A recent study revealed that the cost of dementia may be set to outpace costs for other serious conditions, including cancer and heart disease. Researchers working with the University of Michigan Health System and the RAND Corporation used a representative sample from the Health and Retirement Study, which was funded by the NIH, to analyze various health care costs. The study, which appears in “The New England Journal of Medicine,” revealed that the expense per patient could range from $41,000 to $56,000 per year. They estimate that dementia-related health costs had soared to $215 billion.
The risk of dementia increases with age. As more elderly people become vulnerable to cognitive impairment over the next few decades, the cost of this devastating condition is expected to double. The disease progresses over time, and people can become increasingly unable to manage their own daily needs, which is why the bulk of dementia-related expenses are associated with daily care and supervision. Out-of-pocket costs have been estimated at nearly $110 billion compared to $102 billion and $77 billion for heart disease and cancer respectively. The costs for informal care can range from $50 billion to $106 billion, according to the study.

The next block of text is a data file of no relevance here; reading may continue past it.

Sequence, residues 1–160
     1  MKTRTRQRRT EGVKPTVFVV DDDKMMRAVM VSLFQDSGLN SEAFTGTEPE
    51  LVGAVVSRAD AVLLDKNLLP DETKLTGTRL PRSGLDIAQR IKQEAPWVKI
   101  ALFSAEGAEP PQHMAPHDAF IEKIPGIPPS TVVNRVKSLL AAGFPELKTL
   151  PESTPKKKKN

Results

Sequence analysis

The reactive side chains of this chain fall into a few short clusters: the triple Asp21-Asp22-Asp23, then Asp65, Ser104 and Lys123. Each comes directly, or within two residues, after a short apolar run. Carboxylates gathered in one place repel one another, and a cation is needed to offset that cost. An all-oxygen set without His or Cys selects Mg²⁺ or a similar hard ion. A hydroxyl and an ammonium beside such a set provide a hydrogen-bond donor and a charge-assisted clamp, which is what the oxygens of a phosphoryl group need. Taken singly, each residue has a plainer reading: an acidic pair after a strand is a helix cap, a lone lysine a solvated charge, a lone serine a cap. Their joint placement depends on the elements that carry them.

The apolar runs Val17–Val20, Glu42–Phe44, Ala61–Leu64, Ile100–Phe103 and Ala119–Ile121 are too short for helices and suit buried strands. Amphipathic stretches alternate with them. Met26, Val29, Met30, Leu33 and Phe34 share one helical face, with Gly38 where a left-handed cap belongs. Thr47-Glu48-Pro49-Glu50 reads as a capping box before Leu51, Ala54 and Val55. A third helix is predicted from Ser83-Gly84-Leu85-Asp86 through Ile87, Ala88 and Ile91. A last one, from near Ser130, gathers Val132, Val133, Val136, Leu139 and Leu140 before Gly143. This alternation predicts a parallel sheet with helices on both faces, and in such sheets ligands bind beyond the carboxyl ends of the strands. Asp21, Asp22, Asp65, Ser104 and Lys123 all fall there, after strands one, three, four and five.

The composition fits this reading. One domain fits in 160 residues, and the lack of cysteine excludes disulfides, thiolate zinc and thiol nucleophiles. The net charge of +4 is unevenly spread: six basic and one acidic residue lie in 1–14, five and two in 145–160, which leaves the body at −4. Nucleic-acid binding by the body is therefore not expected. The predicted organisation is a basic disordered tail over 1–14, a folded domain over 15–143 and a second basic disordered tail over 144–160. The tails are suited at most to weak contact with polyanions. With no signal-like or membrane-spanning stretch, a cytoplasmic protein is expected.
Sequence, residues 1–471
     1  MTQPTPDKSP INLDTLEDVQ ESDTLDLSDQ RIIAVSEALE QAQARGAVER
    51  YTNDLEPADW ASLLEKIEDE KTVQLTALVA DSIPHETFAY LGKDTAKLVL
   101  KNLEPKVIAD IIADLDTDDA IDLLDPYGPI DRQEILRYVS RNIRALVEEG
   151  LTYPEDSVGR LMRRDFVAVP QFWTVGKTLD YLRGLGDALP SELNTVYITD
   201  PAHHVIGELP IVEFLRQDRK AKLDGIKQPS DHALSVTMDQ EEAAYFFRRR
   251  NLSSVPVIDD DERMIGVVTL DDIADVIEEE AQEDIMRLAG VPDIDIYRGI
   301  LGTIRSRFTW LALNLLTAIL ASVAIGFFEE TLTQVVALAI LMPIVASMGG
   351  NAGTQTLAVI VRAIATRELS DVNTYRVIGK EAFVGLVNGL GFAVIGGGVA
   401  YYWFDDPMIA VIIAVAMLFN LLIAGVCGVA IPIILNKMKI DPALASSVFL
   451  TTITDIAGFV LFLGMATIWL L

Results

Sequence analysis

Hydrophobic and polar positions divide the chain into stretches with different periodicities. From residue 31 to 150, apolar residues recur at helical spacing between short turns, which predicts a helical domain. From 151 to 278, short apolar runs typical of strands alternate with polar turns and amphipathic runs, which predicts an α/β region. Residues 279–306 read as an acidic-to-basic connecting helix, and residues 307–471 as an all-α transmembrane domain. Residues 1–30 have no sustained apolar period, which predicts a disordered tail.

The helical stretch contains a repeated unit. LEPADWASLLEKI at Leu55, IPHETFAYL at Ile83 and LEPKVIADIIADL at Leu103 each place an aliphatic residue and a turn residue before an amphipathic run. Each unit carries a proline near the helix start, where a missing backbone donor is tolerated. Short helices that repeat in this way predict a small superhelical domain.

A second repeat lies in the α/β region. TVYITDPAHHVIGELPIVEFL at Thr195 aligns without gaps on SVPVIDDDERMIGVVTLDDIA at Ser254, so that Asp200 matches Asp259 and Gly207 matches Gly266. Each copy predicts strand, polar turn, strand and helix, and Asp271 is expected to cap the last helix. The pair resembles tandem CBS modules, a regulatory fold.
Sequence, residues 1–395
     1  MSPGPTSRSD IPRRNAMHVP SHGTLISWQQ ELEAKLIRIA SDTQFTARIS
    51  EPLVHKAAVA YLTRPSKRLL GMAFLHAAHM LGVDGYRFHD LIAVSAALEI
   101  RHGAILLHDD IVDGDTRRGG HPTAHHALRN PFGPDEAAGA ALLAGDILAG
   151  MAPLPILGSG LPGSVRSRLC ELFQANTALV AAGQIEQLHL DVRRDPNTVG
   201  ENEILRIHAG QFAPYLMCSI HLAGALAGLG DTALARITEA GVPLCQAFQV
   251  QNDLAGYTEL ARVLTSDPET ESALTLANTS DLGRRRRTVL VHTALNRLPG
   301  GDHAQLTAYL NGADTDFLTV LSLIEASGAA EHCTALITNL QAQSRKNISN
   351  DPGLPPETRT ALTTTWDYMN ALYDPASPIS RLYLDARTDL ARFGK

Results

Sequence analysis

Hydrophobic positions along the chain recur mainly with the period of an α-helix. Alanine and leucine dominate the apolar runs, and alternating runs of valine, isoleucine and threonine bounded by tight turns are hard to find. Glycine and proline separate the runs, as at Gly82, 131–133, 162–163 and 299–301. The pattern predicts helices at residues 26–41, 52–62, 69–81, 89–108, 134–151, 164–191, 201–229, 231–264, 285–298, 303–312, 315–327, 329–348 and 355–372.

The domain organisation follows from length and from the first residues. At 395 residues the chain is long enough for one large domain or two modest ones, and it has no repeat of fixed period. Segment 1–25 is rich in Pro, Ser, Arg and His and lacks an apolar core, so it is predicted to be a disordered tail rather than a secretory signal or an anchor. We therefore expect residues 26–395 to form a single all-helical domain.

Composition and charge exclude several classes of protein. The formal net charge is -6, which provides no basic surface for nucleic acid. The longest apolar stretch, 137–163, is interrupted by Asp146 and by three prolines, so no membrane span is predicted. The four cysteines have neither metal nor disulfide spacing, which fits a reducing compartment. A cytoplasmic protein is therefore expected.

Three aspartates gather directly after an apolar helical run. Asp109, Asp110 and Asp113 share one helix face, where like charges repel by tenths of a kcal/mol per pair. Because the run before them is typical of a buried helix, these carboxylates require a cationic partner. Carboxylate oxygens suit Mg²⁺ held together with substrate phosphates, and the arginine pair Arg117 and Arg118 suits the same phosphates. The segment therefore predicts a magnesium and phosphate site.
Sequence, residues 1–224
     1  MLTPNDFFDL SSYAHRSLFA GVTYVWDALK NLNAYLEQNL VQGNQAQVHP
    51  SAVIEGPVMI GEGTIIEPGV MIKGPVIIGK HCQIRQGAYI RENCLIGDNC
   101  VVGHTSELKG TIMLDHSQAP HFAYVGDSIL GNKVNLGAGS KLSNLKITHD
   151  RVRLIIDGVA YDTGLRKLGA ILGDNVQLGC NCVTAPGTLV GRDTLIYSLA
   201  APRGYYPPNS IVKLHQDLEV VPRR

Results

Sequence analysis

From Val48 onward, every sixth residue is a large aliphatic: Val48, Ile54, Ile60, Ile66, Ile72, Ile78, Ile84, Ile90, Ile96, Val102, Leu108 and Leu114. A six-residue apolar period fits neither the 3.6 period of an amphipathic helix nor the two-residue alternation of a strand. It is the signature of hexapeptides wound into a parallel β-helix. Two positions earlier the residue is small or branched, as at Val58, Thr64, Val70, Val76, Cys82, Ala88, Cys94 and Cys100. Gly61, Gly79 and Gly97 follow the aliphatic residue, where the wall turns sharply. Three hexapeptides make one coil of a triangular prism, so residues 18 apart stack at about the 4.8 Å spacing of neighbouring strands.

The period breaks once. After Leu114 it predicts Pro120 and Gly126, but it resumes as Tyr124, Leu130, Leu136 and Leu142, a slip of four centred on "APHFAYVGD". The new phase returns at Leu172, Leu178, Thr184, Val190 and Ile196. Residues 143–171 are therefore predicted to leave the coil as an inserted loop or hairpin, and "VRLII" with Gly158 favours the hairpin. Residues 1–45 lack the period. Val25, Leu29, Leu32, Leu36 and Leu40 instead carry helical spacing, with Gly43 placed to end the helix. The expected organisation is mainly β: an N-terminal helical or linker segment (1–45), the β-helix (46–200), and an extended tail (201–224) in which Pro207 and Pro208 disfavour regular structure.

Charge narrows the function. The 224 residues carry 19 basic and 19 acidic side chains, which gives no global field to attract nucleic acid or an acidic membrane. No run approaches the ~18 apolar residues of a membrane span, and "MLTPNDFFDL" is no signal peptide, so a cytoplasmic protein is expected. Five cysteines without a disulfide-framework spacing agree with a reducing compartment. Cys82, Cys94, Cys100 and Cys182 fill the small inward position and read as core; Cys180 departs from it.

Researchers note that more than 20 percent of people have at least some degree of cognitive impairment by 71, and 12 percent of those with cognitive impairment continue to experience functional deterioration or memory loss that is severe enough to be diagnosed as dementia. The financial costs associated with dementia are expensive, but the emotional costs can be even direr. People need help caring for their loved ones who have been stricken with dementia.
President Obama has recently launched the BRAIN Initiative, which is designed to map the human brain, study the mind and provide us with solutions. Identifying new, more effective treatment methods and prevention strategies can help more elderly people enjoy a healthier, happier future. Increased research might be the key, and public initiatives can provide the information that can help loved ones build better tomorrows that are free of the financial burden and emotional pain of dementia.